Stiff: The Curious Lives of Human Cadavers Review
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Who knew that there were so many uses -- albeit weird, horrific and mesmerizing -- to which the deceased human body can be subjected? Salon writer Mary Roach explores cadaver farms, the history of anatomical research, biomedical labs and more. Do you dare to follow?

Be forewarned. This is not a book for the faint-hearted, nor is this a Stephen King novel that you can shrug off as fiction. This is non-fiction at its most horrifically explicit. You know you're in trouble when you read a first sentence like this one:

"The human head is of the same approximate size and weight as a roaster chicken."

Roach is in a university medical center and she's making the comparison because she's facing 40 human heads each in their own disposable aluminum roasting pan for plastic surgeons to practice on. And what does Roach want to know?

  
 
"Who cuts off the heads?" (Answer: Yvonne.)

If you're the type of person intrigued by the question, (and OK, that includes me), you'll jump into the book to learn what Roach finds out. For instance, did you know that to gibbet is to dip a corpse in tar and suspend it in a flat iron cage, the gibbet in plain view of townsfolk while it rots and gets pecked apart by crows"? Neither did I. There's much the living can learn about the dead and our history of their treatment here in Roach's book, some of which you may hope to forget as soon as possible.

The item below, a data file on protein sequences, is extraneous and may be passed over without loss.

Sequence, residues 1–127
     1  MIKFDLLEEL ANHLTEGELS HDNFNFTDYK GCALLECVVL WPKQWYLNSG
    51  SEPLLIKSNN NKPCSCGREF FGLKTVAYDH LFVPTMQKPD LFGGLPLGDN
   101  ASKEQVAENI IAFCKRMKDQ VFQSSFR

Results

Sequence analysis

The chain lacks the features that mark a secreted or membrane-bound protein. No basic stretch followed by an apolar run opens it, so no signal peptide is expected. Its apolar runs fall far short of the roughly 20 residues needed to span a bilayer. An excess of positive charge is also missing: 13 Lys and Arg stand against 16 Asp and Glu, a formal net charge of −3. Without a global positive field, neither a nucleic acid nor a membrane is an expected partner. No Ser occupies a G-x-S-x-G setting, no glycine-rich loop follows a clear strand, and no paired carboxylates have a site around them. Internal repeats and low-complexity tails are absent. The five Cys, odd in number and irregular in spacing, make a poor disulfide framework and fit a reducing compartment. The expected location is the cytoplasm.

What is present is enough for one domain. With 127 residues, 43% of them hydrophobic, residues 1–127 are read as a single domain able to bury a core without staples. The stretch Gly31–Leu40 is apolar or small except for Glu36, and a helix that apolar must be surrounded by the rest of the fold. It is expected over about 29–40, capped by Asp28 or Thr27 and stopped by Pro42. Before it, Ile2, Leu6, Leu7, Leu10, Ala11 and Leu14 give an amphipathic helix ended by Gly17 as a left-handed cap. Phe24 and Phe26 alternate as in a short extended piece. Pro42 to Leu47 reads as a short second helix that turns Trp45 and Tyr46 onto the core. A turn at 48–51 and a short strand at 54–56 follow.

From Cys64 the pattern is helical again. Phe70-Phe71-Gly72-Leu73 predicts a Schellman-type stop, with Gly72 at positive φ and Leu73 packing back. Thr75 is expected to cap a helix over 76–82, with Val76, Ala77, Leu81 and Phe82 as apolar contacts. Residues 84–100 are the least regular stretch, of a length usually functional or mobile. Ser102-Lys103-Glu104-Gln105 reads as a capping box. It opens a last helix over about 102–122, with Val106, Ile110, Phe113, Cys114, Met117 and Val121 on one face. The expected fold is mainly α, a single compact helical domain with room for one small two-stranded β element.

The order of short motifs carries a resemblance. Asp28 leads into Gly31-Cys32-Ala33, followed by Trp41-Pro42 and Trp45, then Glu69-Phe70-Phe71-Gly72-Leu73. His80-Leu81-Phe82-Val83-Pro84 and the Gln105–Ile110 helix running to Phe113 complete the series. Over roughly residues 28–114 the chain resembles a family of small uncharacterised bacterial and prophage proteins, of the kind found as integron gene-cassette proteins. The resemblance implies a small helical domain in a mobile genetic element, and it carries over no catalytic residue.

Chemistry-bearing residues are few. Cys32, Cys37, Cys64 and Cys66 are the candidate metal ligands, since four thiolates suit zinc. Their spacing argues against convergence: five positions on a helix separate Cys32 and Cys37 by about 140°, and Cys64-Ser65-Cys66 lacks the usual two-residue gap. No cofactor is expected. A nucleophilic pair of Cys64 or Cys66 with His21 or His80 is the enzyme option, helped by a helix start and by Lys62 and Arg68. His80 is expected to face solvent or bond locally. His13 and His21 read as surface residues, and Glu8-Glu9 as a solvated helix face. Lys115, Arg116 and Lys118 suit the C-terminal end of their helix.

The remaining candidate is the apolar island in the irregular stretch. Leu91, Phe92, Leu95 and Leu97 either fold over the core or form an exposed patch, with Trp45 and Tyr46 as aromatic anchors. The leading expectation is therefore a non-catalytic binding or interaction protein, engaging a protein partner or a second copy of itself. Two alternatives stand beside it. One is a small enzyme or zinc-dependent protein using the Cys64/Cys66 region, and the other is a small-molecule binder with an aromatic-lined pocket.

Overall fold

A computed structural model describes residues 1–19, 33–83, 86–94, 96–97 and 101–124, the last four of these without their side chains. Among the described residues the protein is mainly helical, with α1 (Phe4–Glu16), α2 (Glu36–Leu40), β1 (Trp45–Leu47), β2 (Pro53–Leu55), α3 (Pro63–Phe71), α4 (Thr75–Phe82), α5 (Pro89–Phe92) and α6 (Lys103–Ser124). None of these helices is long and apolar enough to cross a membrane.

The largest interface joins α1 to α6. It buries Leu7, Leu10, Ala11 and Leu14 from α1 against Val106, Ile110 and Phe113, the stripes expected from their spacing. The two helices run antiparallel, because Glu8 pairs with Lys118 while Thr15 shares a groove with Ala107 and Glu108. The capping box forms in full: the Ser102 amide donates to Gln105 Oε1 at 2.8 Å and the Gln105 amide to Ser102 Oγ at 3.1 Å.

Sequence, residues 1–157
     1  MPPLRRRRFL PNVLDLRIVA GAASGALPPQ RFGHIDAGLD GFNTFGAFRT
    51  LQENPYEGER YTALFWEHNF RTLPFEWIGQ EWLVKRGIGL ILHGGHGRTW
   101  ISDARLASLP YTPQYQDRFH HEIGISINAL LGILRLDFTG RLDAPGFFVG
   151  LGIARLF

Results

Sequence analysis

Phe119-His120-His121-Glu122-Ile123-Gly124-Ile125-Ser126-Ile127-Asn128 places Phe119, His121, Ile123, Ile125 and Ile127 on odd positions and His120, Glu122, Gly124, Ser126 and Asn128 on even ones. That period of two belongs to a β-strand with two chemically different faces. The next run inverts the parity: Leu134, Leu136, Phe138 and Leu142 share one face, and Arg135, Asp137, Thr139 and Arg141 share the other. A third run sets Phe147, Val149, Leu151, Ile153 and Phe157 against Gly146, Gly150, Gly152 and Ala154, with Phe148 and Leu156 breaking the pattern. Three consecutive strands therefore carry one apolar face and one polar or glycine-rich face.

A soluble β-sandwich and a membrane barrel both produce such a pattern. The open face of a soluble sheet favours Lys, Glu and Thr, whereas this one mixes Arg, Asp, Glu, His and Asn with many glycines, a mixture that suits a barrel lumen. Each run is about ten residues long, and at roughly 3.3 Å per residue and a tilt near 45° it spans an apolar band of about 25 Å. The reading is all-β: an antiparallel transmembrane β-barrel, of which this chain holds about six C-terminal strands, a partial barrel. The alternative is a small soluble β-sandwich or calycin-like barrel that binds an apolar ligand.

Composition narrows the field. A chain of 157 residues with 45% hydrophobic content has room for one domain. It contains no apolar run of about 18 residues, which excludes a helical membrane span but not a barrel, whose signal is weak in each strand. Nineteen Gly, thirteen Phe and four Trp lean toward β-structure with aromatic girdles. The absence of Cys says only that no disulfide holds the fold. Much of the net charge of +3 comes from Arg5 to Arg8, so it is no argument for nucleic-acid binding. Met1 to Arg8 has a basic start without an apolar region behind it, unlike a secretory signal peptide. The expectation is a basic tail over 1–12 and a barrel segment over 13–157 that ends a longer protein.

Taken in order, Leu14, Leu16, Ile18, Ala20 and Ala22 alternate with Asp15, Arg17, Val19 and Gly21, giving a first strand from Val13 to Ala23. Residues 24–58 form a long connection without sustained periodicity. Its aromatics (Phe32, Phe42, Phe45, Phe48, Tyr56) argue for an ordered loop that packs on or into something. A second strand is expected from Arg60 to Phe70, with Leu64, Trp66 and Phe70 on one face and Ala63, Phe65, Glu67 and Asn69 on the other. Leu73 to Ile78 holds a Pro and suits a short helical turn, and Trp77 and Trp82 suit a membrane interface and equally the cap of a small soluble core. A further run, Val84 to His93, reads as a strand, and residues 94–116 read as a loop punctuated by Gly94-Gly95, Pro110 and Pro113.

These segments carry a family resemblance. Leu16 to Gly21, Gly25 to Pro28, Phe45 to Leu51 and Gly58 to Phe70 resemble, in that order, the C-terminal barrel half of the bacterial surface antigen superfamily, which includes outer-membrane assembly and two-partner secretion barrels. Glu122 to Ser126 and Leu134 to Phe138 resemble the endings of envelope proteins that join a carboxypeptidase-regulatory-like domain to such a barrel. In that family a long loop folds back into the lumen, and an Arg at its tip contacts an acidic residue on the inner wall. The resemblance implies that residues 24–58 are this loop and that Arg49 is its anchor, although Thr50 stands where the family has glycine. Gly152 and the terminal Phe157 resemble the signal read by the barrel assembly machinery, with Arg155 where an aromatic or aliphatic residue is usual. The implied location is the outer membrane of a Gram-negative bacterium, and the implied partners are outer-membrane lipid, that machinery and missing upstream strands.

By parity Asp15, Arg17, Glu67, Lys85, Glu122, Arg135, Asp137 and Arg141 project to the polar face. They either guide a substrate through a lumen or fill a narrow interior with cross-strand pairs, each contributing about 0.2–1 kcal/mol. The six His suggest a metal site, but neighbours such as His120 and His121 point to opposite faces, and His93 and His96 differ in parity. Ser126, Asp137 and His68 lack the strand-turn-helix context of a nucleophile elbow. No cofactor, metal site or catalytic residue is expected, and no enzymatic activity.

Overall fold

What makes the book easier to read is Roach's sense of humor. For example, in that five-sentence paragraph about the history of gibbeting, she concludes:

"A stroll through the square must have been a whole different plate of tamales back then."

Her humor helps us get over the shock value of the material early on. Unfortunately, that sense of humor eventually becomes annoying. Her parenthetical comments intrude, like the jokes a teenager might make during a health class on human reproduction. At first we're all uncomfortable and the jokes break the tension. But after awhile the jokes call attention to the joker so much that you just want to turn around and tell her to drop it. Just tell me what you found out. So the blasť, I'm -just-curious voice she brings to this project sometimes misfires.

Despite my fatigue with the tone, I still recommend the book. Ms. Roach is a facile writer. And let's face it...the dead -- the dead whom we never knew as living -- are fascinating. In the end, that fascination with the topic kept me reading. So if you're intrigued now, Ms. Roach will keep you hooked until the end.

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